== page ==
They've taken over billboards, buses, VW bugs and even our bananas. Now, we have the chance not just to look at dot-com ads all day on virtually every blank surface, but to become dot-com ads ourselves.
I confronted the disquieting truth that I had become a walking dot-com billboard when I waltzed merrily out of 24th Street Cheese Company in San Francisco with my Carr's crackers and aged Gouda. Looking down, I realized that I wasn't just carrying the caloric equivalent of three days worth of meals, but also a crisp white bag printed on all four sides with employment advertising for the Red Herring. "Want a great job? Get hooked on Red Herring. www.redherring.com," I was unintentionally telling anyone intrigued by the unappetizing graphic of a red fish.
With the bag in my hand listing "exciting opportunities," from "magazine editorial" to "Internet application development," and the much repeated Red Herring URL, I felt like I was wearing a recruitment sandwich board.
"You can't stop those bags from going into your office, your home. People buy a muffin or a doughnut and then they take them into your boardroom," boasts Moses Abughosh, president of Smart Bags, a San Francisco company he started in January to give the free bags to local shops and cafes. This ingenious scheme to plaster ads on one more unavoidable surface even has its own groan-inducing verb: "Bagvertise."
For the stores, it's a deal: "Nice bags at no cost to you. It's that simple," says Sal Antolin, a fromagier at the cheese shop. "It's free advertising for the company, and we're happy. They're great bags."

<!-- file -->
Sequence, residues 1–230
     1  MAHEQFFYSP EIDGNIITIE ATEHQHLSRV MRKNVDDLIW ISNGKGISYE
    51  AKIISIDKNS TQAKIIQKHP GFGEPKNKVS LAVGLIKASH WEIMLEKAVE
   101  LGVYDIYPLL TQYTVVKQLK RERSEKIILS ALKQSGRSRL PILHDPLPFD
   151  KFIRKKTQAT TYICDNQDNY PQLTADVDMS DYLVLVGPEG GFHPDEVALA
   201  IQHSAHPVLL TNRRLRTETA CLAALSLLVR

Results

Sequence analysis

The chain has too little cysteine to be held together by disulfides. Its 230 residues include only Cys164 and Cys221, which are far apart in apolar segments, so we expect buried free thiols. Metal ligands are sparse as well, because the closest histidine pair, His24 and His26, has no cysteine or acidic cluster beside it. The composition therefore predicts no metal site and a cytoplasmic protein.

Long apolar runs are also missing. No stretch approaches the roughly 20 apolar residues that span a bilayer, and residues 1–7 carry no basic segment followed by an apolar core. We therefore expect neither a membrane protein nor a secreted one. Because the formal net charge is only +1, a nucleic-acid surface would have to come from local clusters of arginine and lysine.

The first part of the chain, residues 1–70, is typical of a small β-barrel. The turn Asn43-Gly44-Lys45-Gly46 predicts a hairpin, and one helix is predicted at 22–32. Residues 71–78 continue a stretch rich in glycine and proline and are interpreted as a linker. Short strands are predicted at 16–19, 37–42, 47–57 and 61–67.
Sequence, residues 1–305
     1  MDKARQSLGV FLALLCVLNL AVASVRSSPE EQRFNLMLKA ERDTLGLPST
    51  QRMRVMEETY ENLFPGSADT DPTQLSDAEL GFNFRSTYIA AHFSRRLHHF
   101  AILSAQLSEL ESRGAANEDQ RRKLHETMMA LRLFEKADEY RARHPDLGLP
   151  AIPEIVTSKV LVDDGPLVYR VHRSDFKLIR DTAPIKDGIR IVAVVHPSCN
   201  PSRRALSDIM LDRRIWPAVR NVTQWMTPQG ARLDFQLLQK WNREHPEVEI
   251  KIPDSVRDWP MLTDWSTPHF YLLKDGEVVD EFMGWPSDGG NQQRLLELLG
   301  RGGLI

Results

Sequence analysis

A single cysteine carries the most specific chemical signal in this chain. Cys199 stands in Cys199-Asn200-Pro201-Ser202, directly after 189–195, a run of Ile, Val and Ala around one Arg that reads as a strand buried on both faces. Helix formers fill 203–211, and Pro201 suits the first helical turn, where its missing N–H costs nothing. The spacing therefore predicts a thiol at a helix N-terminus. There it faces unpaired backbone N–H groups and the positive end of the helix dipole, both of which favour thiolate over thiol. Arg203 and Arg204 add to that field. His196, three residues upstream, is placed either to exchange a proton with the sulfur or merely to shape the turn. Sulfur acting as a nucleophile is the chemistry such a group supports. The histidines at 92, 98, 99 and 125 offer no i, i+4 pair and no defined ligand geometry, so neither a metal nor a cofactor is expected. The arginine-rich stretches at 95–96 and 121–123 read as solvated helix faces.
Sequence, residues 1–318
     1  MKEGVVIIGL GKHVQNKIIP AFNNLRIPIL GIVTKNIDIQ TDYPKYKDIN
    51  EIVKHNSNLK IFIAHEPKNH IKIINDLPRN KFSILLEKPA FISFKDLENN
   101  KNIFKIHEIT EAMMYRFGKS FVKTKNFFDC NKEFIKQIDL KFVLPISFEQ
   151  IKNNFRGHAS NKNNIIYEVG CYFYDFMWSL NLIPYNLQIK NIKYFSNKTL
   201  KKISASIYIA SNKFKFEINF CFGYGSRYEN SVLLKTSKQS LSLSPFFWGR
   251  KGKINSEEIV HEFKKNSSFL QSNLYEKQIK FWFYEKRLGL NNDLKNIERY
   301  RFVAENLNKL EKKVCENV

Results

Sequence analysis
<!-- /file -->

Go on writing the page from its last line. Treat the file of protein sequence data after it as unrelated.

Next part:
But how much money does it really save a shopkeeper? Peter Patsay of J&J Wine and Spirits in San Francisco's Richmond District, who wraps Ravenswood Zinfandel and the like in the bags, says the savings are meager: "A little bit of money. Not much. Like maybe $12 in a month, or in three weeks, I don't know."
Abughosh of Smart Bags started attaching menus to bags at his own cafes and says he saw his business increase by 15 percent; then, while teaching kickboxing, mainly to executives who complained about the difficulties of recruiting people, he invented "bagvertising."
His first and only cold call was to the Red Herring: "I wanted to do something big, the king or the queen of the industry," so he called the Herring. "They write about everybody," he says. The strategy worked, and some 40 companies have approached SmartBags since the Red Herring bags first appeared about three weeks ago. So far, SmartBags claims to have signed up 500 stores in the Bay Area. Abughosh expects to open in one new market by the end of July and be in 10 cities by the end of the year. At that point, he hopes to be pushing some 5 million "bagvertisements" a week, nationwide.
The price for the moment is $25,000 for 200,000 bags. Red Herring is apparently going for a second campaign. Httprint has signed up, and both CyberGold and LookSmart are talking about bag campaigns.
Though it may irk the ad-saturated to be turned into billboards themselves, the Smart Bags business plan could prove more viable than those of some of its customers. Abughosh muses: "Especially in the dot-com world, the life expectancy isn't that long. Maybe we'll last longer than a dot-com."